Ehlers-Danlos syndrome refers to a group of multisystemic disorders of connective tissue with variable clinical manifestations that include (but are not limited to) joint hypermobility, dermal fragility, internal organ and blood vessel ruptures.
The 1997 Villefranche classification of Ehlers-Danlos syndrome, based on specific diagnostic criteria such as inheritance pattern and molecular defects, is widely regarded as the most reliable measure of identification.
The six major subtypes that are recognised in the classification are – classic, hypermobility (EDS-HT), vascular, kyphoscoliotic, arthrochalasis and dermatosparaxis.
Among these, EDS-HT is the most commonly observed variant of Ehlers-Danlos syndrome which can lead to severe and debilitating complications such as frequent dislocations, subluxations and chronic articular pain; this can place limitations on mobility and greatly affect an individual’s quality of life.
EDS-HT is considered similar to the joint hypermobility syndrome which is characterised by passive dorsiflexion of each fifth finger greater than 90 degrees, passive apposition of each thumb to the flexor surface of the forearm, hyperextension of each elbow greater than 10 degrees, hyperextension of each knee greater than 10 degrees, and an ability to place the palms flat on the floor with the knees fully extended.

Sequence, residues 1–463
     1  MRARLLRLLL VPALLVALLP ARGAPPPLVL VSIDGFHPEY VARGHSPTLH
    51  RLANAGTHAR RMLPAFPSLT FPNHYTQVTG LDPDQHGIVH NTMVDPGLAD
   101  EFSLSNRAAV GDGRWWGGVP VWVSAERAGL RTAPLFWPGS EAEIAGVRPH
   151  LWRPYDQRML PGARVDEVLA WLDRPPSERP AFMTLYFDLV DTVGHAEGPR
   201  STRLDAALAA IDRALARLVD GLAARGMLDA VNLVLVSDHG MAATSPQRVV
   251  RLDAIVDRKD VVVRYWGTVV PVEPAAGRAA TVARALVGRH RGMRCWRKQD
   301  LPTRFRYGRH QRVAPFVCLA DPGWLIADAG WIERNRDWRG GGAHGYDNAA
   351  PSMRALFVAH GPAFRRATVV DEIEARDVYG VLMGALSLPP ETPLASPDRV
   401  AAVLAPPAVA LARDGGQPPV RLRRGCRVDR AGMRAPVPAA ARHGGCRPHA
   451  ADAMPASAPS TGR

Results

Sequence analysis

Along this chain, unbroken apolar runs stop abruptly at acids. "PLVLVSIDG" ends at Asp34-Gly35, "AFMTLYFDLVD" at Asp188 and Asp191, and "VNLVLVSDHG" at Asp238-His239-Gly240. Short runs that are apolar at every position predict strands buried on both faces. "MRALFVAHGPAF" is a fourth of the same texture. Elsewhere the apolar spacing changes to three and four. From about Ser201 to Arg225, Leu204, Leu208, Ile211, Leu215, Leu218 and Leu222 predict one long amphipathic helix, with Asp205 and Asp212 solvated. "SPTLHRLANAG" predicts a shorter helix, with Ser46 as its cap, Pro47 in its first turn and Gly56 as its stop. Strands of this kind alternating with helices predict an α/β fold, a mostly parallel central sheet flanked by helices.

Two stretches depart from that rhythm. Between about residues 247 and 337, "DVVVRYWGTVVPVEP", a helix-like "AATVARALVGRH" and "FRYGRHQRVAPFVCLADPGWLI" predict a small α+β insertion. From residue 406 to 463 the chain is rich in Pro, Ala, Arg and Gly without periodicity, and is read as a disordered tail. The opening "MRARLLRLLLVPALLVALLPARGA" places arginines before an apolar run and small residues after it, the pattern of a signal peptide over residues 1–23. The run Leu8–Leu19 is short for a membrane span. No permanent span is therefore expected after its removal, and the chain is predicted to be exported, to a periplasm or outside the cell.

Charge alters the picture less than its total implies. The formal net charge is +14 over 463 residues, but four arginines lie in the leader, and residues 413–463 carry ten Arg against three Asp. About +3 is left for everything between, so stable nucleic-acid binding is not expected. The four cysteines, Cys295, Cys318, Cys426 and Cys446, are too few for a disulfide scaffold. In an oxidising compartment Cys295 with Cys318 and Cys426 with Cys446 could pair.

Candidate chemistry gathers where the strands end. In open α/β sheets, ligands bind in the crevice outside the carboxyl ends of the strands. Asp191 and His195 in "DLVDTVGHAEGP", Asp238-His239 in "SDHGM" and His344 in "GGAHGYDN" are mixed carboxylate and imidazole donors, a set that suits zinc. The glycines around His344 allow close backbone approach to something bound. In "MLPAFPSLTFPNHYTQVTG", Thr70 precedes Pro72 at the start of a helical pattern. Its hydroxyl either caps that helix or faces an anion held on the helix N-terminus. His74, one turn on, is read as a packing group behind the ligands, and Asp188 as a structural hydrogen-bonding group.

According to Gazit et al. in their study on the hypermobility type of Ehlers-Danlos syndrome, “the predominant presenting complaint is pain which is often widespread and longstanding, with patients reporting pain ranging from 15 days to 45 years”.
The authors recommend treatment which is multidisciplinary in nature involving frequent consultations with a cardiologist, orthopaedic surgeon, gastroenterologist, oral and maxillofacial surgeon, ophthalmologist, urologist etc. depending on the clinical manifestation.
Fransiska Malfait and Anne De Paepe, from the Centre for Medical Genetics at Ghent University, suggest a series of preventative guidelines which could be applicable to all forms of Ehlers-Danlos syndrome including cardiovascular work-up, physiotherapy, pain management and psychological follow-up.
The prevalence of pain and muscle weakness in the lower extremity makes the inclusion of highly customised foot orthotics such as MASS4D® advisable as a pain management device in treatment programmes for EDS-HT to promote joint stabilisation and to reduce any stress to painful lower limbs.
This would improve mobility in the individual while eliminating any compensatory movements of the lower limbs and enhancing postural alignment for healthy functioning of the feet and the overall musculoskeletal system.
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Repetitive plantarflexion can lead to pain and mechanical limitation in the posterior ankle joint which is known as posterior ankle impingement syndrome. This pathology commonly occurs in ballet dancers and football players.